Dust-A-Side Heroes Take Proactive Steps to Ensure Safety at New Denmark Colliery


Safety in Mining – Achieving a zero harm target in the mining industry remains a commitment to Dust-A-Side and the broader mining community. One of the ways in which this can be achieved is through each person taking responsibility in being held accountable for their own actions.

In the 40 year history of Dust-A-Side’s existence, no occupational accident has taken place that resulted in a fatality. This is because, Dust-A-Side has a pro-active, rather than reactive Safety Health Environment Quality Community (SHEQC) management approach, where it strives to proactively identify, assess and where possible eliminate all hazards and associated risks by implementing control measures to mitigate risks.

Jerry Sbiloane, Dust-A-Side load haul dumper and tractor operator at New Denmark Colliery, together with his two other colleagues Mandla Qwabe and Enoch Gule were recognised as heroes after they identied a potential safety risk underground.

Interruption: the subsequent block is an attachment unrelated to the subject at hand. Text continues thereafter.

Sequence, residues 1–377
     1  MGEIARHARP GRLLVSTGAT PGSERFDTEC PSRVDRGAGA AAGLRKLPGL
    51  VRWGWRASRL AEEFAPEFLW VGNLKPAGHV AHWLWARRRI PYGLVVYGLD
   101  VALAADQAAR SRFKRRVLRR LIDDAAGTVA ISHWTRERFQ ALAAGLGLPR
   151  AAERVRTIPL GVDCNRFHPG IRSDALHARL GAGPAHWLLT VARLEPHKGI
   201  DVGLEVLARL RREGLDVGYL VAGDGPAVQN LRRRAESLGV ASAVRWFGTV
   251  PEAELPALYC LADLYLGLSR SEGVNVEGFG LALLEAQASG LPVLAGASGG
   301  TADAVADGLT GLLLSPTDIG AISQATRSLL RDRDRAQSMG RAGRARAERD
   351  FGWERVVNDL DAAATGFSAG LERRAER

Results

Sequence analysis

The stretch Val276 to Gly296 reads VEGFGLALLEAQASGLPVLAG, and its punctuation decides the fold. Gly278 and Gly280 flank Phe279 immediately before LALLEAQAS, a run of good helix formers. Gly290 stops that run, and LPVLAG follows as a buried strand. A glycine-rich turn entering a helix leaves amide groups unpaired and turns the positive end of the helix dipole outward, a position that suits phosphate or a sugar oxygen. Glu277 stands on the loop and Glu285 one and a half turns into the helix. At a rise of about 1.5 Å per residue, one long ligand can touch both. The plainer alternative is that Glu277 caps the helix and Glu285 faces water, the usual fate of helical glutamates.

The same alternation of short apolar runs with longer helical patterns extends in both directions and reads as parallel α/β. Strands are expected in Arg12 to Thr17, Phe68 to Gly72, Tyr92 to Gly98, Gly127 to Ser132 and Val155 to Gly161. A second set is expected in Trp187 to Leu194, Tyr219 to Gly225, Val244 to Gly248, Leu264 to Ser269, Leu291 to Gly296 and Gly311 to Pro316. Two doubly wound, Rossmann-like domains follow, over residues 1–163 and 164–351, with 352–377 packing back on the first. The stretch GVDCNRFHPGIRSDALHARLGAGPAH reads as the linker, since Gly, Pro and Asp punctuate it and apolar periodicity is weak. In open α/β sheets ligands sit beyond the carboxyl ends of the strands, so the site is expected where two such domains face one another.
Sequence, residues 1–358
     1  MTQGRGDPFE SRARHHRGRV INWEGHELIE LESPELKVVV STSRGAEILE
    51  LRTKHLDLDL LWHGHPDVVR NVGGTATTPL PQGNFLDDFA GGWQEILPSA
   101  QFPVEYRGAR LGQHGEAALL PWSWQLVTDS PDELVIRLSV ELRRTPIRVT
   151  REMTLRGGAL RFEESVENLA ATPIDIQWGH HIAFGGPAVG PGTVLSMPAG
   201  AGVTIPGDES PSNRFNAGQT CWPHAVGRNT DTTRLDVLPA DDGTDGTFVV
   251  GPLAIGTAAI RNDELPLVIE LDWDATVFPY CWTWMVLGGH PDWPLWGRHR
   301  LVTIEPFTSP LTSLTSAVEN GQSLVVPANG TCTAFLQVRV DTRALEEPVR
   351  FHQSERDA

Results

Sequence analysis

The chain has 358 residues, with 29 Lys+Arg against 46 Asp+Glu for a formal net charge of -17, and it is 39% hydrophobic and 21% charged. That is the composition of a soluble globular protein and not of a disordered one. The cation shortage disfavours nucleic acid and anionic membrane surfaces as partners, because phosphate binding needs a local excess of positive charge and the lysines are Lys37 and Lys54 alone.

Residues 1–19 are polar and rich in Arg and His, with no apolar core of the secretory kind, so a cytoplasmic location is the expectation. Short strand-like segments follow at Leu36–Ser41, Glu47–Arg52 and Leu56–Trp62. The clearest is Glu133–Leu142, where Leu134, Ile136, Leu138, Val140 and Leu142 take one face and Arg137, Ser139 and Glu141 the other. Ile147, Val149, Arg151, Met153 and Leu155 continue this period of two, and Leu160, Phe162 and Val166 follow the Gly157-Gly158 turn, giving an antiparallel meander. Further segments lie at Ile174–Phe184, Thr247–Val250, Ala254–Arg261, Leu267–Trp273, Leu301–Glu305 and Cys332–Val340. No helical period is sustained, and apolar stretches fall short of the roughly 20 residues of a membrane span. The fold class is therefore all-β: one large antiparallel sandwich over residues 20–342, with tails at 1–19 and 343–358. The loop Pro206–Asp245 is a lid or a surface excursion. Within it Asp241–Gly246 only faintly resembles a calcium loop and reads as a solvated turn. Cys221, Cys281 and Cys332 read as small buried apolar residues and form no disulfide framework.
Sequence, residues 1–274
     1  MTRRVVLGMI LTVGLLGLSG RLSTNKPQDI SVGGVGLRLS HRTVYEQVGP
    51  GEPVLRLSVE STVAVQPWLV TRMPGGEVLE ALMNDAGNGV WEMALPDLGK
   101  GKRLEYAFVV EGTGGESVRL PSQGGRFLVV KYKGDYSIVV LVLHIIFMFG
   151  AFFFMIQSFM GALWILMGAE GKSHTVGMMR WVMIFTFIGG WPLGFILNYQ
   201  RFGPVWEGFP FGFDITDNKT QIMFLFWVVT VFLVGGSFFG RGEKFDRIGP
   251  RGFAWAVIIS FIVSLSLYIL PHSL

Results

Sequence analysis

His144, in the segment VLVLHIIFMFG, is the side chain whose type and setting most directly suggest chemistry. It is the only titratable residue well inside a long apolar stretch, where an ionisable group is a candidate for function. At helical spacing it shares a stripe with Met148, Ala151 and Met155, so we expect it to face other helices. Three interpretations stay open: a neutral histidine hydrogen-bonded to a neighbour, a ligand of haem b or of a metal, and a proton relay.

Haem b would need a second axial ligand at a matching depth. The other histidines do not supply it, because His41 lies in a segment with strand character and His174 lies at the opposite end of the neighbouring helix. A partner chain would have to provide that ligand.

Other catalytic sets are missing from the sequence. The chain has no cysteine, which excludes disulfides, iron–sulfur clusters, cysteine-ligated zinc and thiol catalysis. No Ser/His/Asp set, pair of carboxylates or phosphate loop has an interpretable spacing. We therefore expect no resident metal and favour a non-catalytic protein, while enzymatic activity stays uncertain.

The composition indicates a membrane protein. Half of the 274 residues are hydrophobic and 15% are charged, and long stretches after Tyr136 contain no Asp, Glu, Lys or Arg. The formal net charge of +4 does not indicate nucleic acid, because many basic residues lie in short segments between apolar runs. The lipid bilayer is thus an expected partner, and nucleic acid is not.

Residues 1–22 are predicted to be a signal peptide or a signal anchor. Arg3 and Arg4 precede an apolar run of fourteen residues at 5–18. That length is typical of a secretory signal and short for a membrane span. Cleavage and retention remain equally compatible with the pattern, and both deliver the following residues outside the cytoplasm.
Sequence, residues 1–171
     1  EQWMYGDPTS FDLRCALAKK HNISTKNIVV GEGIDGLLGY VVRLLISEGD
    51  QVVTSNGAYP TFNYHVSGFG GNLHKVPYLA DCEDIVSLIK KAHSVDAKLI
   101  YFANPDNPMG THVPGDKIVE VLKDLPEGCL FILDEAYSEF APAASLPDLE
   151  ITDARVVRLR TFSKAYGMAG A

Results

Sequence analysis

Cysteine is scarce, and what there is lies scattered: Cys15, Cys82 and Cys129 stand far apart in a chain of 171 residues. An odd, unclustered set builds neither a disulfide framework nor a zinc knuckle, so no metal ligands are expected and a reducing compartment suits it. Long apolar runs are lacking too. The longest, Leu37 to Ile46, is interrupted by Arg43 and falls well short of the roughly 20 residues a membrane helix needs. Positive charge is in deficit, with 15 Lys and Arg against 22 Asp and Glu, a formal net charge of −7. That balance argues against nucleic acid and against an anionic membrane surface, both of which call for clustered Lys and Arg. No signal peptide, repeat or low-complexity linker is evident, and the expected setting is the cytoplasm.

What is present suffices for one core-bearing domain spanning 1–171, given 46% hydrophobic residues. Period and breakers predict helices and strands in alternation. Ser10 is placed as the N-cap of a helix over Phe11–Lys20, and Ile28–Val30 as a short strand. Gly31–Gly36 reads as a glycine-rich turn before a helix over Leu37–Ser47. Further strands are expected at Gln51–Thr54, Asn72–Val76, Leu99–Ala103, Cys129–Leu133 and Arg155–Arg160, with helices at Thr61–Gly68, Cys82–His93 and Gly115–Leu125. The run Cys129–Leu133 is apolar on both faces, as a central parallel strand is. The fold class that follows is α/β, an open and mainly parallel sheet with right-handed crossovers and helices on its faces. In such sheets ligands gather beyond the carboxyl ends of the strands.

Jerry recognised a very unsafe condition in the underground section. He reported it and subsequently retracted his fellow employees and other bystanders from the area. Immediately after that, a fall of ground occurred, where they would have been standing that could have resulted in a fatal accident.

Speaking at the celebratory braai held in honour of the Dust-A-Side heroes, Derik Oosthuizen, Dust-A-Side SHEQC Manager said, “We are here today to show you and reiterate that, we take safety seriously and that we appreciate good, proactive behaviour when it comes to identifying unsafe conditions”.

“Safety in the mining area is of utmost importance and what these gentlemen did was indeed a heroic act”, Derik added. “Dust-A-Side is proud to have colleagues who pro-actively take safety into consideration and go out of their way to ensuring safety for themselves and their fellow colleagues”.

Malan Cronje, Dust-A-Side: Operational Manager – Eastern Division, said “It’s wonderful to see that our safety inductions programmes and the sharing of knowledge empowers our colleagues on the ground to be able to identify hazards and potential risks as well as how to handle such situations”.

“Remember, complacency is the snake of the mining industry; as soon as you become complacent, it bites you”, Malan reminded the team. To date, the chamber of mines has recorded over 70 deaths of mine workers who were killed in mine-related accidents.

Low pressure prevention, or high pressure suppression